Object relations psychoanalysis as political theory

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This article examines the political contents of object relations psychoanalysis, a theory that perceives dependence as the natural state of all humans. Unlike the views advanced by the classical state-of-nature models of Locke, Hobbes, and Rousseau, object relations perceives humans in their original state as already grouped and driven by an urge to associate. Company (rather than privacy, property, or political participation) stands out as the basic right, and all the other rights follow on it as instruments for fulfilling it. The primacy of care lends itself to the justification of distributive measures meant to bolster family cohesion and individual confidence at the expense of the open market. The theory is therefore compatible with the premises of the social-democratic welfare state.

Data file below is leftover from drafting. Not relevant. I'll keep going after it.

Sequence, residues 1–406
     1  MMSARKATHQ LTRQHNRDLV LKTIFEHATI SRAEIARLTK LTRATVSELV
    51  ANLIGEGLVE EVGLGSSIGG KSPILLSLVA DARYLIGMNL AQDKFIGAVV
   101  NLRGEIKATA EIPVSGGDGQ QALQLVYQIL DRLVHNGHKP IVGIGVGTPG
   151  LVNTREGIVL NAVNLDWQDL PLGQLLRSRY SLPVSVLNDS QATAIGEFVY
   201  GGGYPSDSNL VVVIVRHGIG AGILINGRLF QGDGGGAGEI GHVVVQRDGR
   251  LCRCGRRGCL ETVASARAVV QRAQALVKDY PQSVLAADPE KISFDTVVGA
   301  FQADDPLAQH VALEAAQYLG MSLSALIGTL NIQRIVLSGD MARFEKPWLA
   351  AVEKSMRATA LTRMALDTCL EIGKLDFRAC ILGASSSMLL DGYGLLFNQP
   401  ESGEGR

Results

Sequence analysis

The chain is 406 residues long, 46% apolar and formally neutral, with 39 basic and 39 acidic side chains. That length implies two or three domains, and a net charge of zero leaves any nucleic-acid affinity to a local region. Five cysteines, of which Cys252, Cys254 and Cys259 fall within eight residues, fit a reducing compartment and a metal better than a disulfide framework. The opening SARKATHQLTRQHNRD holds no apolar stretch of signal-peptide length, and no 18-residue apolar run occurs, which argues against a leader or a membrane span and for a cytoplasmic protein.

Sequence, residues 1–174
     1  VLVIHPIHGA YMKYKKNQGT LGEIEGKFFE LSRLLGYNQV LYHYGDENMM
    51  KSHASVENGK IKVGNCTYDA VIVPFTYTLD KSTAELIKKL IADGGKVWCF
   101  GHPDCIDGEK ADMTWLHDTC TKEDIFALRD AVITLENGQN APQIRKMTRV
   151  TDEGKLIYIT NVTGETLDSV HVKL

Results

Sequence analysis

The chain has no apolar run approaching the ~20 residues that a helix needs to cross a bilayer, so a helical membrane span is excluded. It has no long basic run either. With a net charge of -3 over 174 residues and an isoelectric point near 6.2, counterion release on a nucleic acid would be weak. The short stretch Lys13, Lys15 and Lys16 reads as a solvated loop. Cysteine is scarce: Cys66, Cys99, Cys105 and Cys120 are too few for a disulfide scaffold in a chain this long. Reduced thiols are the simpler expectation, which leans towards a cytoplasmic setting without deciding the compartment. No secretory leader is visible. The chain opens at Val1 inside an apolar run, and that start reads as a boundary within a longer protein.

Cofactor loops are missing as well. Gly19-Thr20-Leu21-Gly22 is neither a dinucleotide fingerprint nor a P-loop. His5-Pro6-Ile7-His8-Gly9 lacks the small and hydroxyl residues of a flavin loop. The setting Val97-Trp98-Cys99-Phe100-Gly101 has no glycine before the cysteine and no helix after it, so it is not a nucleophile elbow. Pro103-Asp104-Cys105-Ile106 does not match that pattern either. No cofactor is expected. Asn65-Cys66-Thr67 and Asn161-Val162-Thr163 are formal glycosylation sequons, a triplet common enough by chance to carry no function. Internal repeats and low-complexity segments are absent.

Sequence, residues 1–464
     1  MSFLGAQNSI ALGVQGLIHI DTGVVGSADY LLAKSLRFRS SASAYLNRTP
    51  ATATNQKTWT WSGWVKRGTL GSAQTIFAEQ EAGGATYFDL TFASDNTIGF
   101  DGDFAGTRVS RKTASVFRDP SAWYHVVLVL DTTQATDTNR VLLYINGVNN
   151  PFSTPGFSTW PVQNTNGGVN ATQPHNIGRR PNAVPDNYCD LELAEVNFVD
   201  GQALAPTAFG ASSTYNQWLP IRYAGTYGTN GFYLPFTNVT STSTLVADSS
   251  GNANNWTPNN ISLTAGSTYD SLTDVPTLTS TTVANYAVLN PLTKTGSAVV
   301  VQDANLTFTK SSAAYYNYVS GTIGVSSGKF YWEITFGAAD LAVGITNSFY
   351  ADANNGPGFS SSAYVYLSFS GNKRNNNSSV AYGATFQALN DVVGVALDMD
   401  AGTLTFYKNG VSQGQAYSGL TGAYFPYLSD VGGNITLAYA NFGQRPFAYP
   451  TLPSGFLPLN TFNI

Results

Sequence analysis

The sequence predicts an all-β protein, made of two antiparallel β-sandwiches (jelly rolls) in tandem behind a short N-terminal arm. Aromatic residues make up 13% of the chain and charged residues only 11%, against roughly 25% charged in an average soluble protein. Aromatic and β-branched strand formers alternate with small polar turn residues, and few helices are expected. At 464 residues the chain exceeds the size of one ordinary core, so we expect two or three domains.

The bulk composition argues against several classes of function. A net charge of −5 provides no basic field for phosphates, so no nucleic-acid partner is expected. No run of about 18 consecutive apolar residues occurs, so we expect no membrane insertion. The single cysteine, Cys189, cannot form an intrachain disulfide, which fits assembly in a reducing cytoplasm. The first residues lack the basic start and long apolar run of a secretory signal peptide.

Original languageEnglish
Pages (from-to)769-794
Number of pages26
JournalPolitical Psychology
Issue number5
StatePublished - Oct 2004


  • Bowlby, J.
  • Fairbairn, W. R. D.
  • Object relations
  • Social democracy
  • State of nature
  • Suttie, I. D.

ASJC Scopus subject areas

  • Social Psychology
  • Experimental and Cognitive Psychology
  • Clinical Psychology
  • Philosophy
  • Sociology and Political Science
  • Political Science and International Relations


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